• (3) reduced expectation of privacy (usually)
  35. Administrative Inspection (Drug Testing)
    • Employment related
    • School activities
  36. Consent Searches
    • Voluntary consent is an exception to the need for a warrant and PC
    • Voluntary Factors
    • (1) characteristics of the defendants (age, IQ, intoxication)
    • (2) actions of the police (no express or impled coercion)
    • (3) knowledge of the right to decline the search
  37. Third Party Consent
    United States v. Matlock: a 3rd party with common authority may consent to a search (common authority is an equal right to the property and an assumed risk)
  38. Standing
    • Alderman v. United States: those whose rights were violated by the search have standing
    • -does not apply when someone else's rights were violated (i.e. 3rd party rights violated but initial party is implicated by discovered evidence)
    • -must be a Katz search for each defendant who challenges the evidence
  39. Standing and Reasonable Expectation of Privacy
    • An expectation of privacy exists outside the 4th A...
    • 1) real/personal property law (property rights of a place)
    • 2) societal understanding/customs (what people expect)
  40. Overnight Guest (standing) v. Legitimately on Premises (no standing)
    • Factors to consider
    • 1) commercial-ness of transaction
    • 2) relative time of visit
    • 3) prior connections between parties
  41. Fruits of the Poisonous Tree
    • Once there is a 4th A violation established then the defendant's goal becomes to connect as much as possible to that violation
    • -applies to both primary (direct from violated rights) and derivative (indirectly from violated rights) evidence
  42. FOTPT Exception: Independant Source
    • If the police have something that led them to the evidence independant of the constitutional violation then the evidence is admissable (i.e. line-up is a violation, but independant court ID is ok)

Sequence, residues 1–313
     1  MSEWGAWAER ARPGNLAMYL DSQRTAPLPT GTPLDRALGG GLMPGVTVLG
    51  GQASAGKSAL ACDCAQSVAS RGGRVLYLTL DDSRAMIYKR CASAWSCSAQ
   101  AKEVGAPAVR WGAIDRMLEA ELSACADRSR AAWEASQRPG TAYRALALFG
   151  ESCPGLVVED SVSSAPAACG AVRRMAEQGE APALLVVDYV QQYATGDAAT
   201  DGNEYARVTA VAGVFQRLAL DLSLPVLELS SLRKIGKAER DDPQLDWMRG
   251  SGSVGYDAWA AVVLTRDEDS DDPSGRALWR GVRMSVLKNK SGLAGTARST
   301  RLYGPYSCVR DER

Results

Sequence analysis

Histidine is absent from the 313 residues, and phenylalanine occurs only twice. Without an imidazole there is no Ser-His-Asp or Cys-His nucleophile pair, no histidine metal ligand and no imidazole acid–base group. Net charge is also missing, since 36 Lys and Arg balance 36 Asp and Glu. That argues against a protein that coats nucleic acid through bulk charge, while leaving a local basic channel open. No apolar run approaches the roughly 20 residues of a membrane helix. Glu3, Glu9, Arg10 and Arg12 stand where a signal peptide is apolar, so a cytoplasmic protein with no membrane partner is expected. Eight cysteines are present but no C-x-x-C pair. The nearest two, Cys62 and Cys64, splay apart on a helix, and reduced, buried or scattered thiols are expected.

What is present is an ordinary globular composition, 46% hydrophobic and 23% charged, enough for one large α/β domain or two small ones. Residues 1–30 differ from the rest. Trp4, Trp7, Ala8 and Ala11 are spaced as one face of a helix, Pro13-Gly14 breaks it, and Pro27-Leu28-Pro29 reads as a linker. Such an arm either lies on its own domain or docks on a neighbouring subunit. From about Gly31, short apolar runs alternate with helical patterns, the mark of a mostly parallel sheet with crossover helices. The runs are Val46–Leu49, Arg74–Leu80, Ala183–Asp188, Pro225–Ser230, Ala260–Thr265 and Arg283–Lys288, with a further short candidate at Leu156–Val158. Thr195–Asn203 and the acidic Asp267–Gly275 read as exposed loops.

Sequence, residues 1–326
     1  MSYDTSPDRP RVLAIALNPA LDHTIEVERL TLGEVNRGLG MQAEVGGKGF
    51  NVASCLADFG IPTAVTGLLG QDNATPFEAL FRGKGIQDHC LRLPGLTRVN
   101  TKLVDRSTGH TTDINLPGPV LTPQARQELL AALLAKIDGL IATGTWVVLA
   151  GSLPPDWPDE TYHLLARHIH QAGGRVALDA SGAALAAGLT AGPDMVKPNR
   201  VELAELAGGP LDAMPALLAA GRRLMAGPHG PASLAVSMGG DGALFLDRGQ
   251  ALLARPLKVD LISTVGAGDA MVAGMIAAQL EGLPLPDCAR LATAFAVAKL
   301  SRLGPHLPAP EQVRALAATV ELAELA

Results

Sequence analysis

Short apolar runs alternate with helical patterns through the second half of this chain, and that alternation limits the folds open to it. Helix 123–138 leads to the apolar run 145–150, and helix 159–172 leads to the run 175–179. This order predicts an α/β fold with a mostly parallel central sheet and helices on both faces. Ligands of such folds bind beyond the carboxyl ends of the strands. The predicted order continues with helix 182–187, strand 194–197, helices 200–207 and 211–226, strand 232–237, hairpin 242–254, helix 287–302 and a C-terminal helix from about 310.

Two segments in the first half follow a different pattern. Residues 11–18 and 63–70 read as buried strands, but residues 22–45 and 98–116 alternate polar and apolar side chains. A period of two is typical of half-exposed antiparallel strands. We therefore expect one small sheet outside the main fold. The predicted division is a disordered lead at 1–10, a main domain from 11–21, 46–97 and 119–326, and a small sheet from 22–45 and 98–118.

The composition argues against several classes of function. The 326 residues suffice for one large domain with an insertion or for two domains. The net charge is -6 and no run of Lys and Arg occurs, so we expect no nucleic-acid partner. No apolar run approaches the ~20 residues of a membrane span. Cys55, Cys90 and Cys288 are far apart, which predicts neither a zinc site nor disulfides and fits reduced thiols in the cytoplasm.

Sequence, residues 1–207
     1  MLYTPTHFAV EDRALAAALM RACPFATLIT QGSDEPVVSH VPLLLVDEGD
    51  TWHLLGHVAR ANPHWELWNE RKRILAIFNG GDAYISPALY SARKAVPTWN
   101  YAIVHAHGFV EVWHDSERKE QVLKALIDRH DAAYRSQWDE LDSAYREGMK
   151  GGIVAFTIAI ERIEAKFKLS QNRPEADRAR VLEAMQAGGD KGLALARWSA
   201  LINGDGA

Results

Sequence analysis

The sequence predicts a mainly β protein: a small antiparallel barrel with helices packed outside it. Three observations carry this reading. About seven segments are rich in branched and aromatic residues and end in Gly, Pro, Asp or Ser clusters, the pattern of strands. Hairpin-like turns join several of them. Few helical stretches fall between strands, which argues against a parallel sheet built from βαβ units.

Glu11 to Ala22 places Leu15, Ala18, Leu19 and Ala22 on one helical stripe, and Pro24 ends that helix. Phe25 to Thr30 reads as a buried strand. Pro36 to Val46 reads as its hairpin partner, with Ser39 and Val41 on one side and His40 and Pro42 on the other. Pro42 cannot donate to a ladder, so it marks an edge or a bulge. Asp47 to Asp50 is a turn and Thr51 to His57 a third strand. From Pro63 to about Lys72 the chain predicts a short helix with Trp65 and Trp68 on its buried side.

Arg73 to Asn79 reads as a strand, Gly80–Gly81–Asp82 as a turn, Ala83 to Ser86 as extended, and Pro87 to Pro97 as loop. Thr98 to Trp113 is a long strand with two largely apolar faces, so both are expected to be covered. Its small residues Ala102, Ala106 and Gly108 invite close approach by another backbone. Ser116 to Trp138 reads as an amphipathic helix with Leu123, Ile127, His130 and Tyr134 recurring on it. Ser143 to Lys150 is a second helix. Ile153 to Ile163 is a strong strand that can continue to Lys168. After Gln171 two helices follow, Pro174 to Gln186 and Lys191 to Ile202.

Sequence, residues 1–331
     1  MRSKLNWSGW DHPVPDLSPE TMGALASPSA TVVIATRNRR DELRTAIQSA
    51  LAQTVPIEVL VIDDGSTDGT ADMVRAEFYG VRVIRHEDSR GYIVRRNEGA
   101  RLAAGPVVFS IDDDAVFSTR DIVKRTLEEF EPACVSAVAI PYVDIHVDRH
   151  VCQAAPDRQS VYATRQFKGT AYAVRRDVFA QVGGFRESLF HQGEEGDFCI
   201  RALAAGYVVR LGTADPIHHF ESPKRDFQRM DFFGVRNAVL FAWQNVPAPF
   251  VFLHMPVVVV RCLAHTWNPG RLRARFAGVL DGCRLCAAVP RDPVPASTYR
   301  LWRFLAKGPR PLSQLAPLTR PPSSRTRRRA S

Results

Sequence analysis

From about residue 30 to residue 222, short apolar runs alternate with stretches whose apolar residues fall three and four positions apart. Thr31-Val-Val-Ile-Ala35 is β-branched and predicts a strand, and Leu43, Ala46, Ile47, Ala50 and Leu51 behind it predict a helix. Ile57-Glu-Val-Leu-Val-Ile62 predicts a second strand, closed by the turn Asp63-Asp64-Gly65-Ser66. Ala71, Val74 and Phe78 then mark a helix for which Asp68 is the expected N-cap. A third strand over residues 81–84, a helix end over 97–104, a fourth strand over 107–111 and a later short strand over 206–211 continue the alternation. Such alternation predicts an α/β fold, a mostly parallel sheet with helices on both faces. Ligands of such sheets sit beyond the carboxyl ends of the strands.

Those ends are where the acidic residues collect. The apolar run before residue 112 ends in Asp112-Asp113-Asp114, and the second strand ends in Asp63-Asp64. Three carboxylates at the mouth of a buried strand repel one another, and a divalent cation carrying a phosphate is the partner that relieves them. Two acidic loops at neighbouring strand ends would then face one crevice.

• -Segura v. United States: a search warrant is an independant source for a search subsequent to an illegal seizure as long as it is based on independant PC
  43. FOTPT Exception: Attentuation
    • Even if there is a causal link between the evidence adn the constitutional violation, if the link is so far removed it can be ignored
    • Factors
    • 1) time lapse between illegal event and evidence
    • 2) intervening circumstances (i.e. release, Miranda)
    • 3) purpose or flagrancy of the violation
  44. FOTPT Exception: Inevitable Discovery
    • The evidence would have been found even if there had not been a constitutional violation (need PC and a chain of events independant of the search)
    • Standard: there must be a propnderance of evidence that the information ultimately would have been discoved by lawful means
  45. Voluntariness Due Process
    • Factors
    • 1) defendant's characteristics (age, education, physical/mental, criminal record)
    • 2) police interrogation methods (violence, threat, promises, time span)
  46. McNabb/Mallory Rule
    If a statement is made by a defendant when he is illegally detained (i.e. not taken to the magistrate in time) then it must be suppressed
  47. Massiah on 6th A Right to Counsel
    • A defendant is entitled to a lawyer at any critical stage of the prosecution
    • -a critical stage is once adversarial judicial proceedings have begun
    • Being under investigation is not a critical stage (Escobedo)
  48. Miranda
    • 1) Right to remain silent
    • 2) Anything said can be used against you
    • 3) Assistance of an attorney
    • 4) An attorney may be appointed
  49. Miranda Triggers
    • 1) suspect is in custody
    • 2) interrogation of the suspect has begun
    • 3) interplay between custody and interrogation (suspect knows they are faced with a government agent)
    • 4) no public safety exception
    • -you need both of these to raise a Miranda claim, without them you can still raise a 6th A or Due Process claim
  50. Custody
    Berkimer v. McCarty: objective person test says that what is important is how a reasonable man in the suspect's position would have understood the situation
  51. Custody Factors
    • 1) Pre-interrogation (how did the suspect get there?)
    • 2) Interrogation
    • - where does it take place
    • - how long was it
    • - what restraints were used
    • - what was the suspect told
    • 3) Post-Interrogation (was the suspect released)